Scleral buckling is a type of eye surgery doctors use to treat detached retinas. A detached retina is a medical emergency that requires immediate surgery.

A detached retina is when the retina peels away, or detaches, from the supporting tissue at the back of the eye. The retina is a thin layer of light-sensitive cells at the back of the eye that helps people to see clearly.

Surgery is necessary to repair a detached retina. Scleral buckling is one option and involves using a small device, known as a scleral buckle, to hold the retina in place.

Read on to learn more about scleral buckling, including how it works and who may require it.

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Scleral buckling is one method doctors may use to treat a detached retina. The retina is the layer of cells that line the back wall of the eye. The cells sense light and send signals to the brain, which enables a person to see.

“Sclera” refers to the white outer layer of the eyeball. Scleral buckling is where surgeons attach small pieces of silicone, called buckles, to a person’s sclera.

Scleral buckling procedures are complex, and there are many different ways to carry out the surgery. Surgeons typically perform them after gaining significant experience. This allows them to prevent and deal with any surgical complications.

Learn more about the eyes and how they work.

If a person’s retina partially or completely lifts away from the back of their eye, they have a detached retina. A detached or torn retina can cause a person’s vision to be blurry. Having a detached retina may cause people to lose sight in their affected eye, and it is a medical emergency.

If a person thinks they may have a detached retina, they should seek immediate medical attention. People with a detached retina usually need urgent surgery to reattach it.

People who have a detached or torn retina may need scleral buckling surgery. The type of surgery a person requires for their detached retina depends on:

  • how much of a person’s retina is detached
  • the position of the detachment
  • if they have other eye conditions
  • if they have had glaucoma surgery

Anyone can have a detached retina. People are more at risk if they have:

  • diabetic retinopathy, a condition that affects blood vessels in the retinas of people with diabetes
  • myopia, or nearsightedness
  • a severe type of myopia known as degenerative myopia
  • posterior vitreous detachment, where the fluid at the center of a person’s eye pulls away from their retina
  • retinoschisis, where a person’s retina separates into two layers
  • lattice degeneration, or thinning of a person’s retina

One of the most common types of detached retina is rhegmatogenous retinal detachment (RRD). Age is the most common cause of RRD. Some other factors that make people more likely to have RRD include:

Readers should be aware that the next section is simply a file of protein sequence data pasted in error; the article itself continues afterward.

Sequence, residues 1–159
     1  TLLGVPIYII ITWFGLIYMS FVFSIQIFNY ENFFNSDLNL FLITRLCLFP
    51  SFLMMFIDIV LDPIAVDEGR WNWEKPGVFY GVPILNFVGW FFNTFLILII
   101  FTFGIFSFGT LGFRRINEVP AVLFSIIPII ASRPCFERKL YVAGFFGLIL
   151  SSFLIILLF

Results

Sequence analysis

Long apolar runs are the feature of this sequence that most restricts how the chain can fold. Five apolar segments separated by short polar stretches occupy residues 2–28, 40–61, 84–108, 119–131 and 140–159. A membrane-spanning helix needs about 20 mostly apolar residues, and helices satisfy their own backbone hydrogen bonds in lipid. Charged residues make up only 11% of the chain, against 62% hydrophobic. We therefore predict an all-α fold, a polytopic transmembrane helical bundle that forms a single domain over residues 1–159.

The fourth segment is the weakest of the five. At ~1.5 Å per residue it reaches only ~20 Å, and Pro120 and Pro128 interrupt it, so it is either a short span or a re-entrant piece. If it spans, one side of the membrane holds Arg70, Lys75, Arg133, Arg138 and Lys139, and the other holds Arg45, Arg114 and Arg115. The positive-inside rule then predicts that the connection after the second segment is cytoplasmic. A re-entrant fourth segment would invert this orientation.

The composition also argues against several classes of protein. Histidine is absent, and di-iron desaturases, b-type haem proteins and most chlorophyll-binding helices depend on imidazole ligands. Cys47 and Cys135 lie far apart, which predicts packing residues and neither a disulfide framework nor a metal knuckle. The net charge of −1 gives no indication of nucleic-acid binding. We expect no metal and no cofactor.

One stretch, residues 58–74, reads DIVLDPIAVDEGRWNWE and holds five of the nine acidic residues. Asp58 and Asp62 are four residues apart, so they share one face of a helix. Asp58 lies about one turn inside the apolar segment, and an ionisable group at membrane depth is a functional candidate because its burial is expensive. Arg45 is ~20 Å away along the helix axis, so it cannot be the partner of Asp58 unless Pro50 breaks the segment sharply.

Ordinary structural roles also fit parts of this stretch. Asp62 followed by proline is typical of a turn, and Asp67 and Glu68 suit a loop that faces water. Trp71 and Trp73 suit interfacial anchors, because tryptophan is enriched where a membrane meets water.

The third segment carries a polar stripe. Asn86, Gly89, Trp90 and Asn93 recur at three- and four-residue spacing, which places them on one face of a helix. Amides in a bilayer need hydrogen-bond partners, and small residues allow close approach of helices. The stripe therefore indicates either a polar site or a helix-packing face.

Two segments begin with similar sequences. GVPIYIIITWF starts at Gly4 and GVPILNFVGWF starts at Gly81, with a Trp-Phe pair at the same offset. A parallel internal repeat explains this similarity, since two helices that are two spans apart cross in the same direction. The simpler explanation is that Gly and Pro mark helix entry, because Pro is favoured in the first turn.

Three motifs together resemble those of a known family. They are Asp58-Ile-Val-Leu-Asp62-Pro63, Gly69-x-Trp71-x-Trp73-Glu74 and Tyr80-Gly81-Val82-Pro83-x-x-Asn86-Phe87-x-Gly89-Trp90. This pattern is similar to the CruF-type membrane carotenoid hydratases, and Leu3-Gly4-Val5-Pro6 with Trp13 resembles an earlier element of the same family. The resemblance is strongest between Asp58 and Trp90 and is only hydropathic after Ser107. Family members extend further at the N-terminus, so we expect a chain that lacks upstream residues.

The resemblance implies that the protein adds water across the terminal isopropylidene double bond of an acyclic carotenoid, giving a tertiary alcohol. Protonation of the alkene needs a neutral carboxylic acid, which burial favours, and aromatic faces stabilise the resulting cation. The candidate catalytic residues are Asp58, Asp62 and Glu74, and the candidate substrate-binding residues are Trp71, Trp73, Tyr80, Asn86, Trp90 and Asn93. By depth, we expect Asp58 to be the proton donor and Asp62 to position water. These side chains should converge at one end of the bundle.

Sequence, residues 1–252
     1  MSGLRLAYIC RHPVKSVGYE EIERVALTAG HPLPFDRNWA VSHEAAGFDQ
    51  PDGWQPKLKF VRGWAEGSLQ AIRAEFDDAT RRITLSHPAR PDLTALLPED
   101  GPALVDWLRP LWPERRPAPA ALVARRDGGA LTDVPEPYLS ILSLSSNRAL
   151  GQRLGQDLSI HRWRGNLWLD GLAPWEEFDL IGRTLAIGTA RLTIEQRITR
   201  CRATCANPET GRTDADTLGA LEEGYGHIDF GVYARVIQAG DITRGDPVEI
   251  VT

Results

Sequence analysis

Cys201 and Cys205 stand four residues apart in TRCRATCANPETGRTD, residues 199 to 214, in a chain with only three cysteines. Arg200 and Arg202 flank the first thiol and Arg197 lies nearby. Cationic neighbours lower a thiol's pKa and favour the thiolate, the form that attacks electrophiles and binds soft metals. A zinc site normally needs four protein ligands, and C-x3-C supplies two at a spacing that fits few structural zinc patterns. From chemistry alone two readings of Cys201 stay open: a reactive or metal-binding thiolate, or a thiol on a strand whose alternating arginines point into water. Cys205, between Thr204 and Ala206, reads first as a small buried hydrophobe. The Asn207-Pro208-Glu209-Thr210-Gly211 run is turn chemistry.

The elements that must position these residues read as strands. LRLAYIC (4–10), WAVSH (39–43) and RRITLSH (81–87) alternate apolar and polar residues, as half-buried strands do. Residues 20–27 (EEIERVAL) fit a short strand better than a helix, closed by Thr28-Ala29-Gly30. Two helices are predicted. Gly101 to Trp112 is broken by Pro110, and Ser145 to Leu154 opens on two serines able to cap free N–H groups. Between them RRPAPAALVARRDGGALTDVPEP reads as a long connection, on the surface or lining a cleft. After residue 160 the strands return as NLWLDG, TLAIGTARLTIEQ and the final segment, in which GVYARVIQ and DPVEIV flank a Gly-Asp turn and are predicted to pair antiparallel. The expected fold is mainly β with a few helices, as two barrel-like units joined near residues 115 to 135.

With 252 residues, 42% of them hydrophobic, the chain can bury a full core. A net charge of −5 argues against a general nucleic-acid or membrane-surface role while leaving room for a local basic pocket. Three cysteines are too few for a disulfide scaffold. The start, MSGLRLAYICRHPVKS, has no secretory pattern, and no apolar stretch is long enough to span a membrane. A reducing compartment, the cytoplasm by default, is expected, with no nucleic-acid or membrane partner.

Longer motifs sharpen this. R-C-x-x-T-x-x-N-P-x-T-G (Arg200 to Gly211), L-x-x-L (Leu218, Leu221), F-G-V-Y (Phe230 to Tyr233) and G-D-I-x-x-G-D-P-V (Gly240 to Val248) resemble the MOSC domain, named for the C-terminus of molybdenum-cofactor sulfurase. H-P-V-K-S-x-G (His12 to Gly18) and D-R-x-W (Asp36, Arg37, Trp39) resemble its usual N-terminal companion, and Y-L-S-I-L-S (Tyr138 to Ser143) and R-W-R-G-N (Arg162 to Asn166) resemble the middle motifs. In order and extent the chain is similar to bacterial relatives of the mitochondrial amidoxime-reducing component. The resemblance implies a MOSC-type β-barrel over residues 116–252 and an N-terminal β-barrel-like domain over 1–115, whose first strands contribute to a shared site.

Scleral buckling surgery allows a surgeon to reattach a person’s detached retina. It involves closing any breaks in a person’s retina and making sure it remains attached after surgery.

During the surgery, surgeons place a small, flexible band around a person’s sclera. This band is known as a buckle. The band secures a small piece of solid or spongy silicone overlying the hole or tear of the retina. The surgeon attaches them to a person’s sclera, causing it to buckle inward.

Buckling pushes on the sclera of a person’s eye, moving them inward toward their retina. This facilitates healing and allows the retina to reattach.

Typically, the buckles stay in a person’s eye permanently after surgery. Surgeons may also use lasers or freeze treatments to repair any tears in a person’s retina.

Before surgery, doctors thoroughly examine a person’s eye to find all tears in their retina. Finding all the tears is important for successful scleral buckling surgery.

Staff will clean the area around a person’s eyes before the procedure takes place. To perform scleral buckling surgery, a surgeon can use either local or general anesthetic.

After scleral buckling surgery, a person’s eye may feel sore. Most people will be able to return home on the same day after the procedure. They should not drive themselves home. They may also need to:

  • wear an eyepatch for about a day
  • avoid some activities while their eye heals, such as:
    • heavy lifting
    • heavy exercise
  • attend a follow-up visit with a doctor to make sure their eye is healing correctly

People can ask a doctor if they have any concerns or questions after their surgery. They should seek professional medical advice if:

  • their vision seems worse
  • they have a lot of pain
  • they have a lot of swelling

A person’s recovery time after this type of surgery can vary from 2–6weeks.

One of the most common risks after scleral buckling is choroidal detachment. The choroid is a layer of blood vessels between the retina and sclera. Between 23–44% of people have choroidal detachment after scleral buckling. However, in most cases, it settles down naturally in about 2 weeks.

Other complications or side effects may include:

  • diplopia, or seeing double
  • refractive changes, or blurry vision
  • infections
  • strabismus, or where a person’s eyes do not line up together
  • glaucoma, where the optic nerve that connects a person’s eyes to the brain is damaged
  • anterior segment ischemia, or damage to the blood vessels around a person’s eye
  • motility disturbances, or eye muscle problems

Scleral buckling is a type of surgery doctors may use to repair detached retinas. Detached retinas are a medical emergency. Without prompt surgery to fix them, people may permanently lose sight in their affected eye.

Experienced surgeons perform scleral buckling surgery, which involves fixing small buckles to a person’s sclera. This secures the detached retina and allows it to heal.